Growing Pains: Using the False Claims Act to Combat Health Care Fraud
Posted: 8 May 2000
The False Claims Act (FCA), 31 U.S. C. 3729, has had and will continue to have a tremendous impact on how the government deals with white collar criminals. This article discusses how the FCA works and how it offers important advantages, primarily flexibility in dealing with misconduct in complex regulatory areas where intent is difficult to determine and incentives are needed for those most knowledgeable about fraud to come forward. The FCA presents challenges however, as this article also discusses. Its hybrid criminal/civil nature and public/private plaintiff structure present unique nuances for litigants and courts. These nuances have caused splits in the courts on basic and important issues of FCA jurisprudence. While scatter-shot development of the law is to be expected when new legislation is enacted, the uncertainty surrounding the FCA is exorbitant, causing unfairness for parties and inefficiencies in the courts. Since the FCA's effectiveness as a law enforcement and consumer protection tool will not be realized until FCA case law has matured, its brightest days almost certainly lie ahead. For that reason, lawyers of tomorrow must have a working knowledge of the FCA. Given the federal government's active role as a purchaser and consumer in the health care arena, few health care providers will practice outside the FCA's reach.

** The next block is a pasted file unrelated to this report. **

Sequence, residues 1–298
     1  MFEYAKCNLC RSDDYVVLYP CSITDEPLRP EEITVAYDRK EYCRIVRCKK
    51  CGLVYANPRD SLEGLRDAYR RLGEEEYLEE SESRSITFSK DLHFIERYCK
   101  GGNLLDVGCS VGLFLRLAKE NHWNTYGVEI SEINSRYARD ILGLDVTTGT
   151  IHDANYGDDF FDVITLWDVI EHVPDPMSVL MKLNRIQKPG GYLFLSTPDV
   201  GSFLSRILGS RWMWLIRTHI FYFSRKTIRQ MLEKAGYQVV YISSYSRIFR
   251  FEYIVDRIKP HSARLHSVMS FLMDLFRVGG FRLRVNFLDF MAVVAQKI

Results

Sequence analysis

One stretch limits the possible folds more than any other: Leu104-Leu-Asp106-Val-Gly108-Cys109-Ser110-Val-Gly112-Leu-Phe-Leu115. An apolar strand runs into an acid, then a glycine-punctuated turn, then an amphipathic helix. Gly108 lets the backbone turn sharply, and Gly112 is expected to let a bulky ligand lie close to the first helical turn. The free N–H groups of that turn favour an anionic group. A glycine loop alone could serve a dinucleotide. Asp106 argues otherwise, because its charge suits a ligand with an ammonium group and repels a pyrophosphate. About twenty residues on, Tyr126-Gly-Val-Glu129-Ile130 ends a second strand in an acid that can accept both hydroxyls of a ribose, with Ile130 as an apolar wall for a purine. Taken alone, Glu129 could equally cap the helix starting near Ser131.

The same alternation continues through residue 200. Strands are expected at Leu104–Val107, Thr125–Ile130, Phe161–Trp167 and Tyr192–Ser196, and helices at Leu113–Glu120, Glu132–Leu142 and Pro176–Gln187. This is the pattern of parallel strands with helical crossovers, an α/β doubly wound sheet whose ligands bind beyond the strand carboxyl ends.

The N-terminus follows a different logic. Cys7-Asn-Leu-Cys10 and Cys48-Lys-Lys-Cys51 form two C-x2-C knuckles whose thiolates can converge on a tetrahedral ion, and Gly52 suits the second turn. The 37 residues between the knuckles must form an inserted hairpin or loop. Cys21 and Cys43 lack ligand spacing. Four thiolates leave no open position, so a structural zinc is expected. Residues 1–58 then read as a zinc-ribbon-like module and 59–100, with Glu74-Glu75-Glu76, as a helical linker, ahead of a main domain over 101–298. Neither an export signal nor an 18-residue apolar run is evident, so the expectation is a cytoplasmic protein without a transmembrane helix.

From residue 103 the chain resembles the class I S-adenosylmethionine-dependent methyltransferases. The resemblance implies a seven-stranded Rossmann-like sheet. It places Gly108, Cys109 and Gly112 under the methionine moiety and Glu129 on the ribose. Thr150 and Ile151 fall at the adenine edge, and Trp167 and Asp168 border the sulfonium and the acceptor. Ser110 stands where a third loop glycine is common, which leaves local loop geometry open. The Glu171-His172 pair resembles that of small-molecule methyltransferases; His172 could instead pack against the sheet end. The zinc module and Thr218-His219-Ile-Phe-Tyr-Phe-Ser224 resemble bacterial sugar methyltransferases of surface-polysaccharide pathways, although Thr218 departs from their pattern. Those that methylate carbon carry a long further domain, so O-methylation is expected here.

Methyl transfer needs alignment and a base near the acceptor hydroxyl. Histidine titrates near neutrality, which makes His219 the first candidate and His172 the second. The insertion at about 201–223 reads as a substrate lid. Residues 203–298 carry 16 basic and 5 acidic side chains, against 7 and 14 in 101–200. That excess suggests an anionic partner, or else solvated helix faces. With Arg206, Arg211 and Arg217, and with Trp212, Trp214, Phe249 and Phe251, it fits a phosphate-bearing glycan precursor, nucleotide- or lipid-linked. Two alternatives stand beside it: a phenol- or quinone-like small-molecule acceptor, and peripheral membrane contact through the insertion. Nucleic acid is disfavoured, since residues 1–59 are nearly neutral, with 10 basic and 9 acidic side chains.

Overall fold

JEL Classification: K32, K14
Suggested Citation: Suggested Citation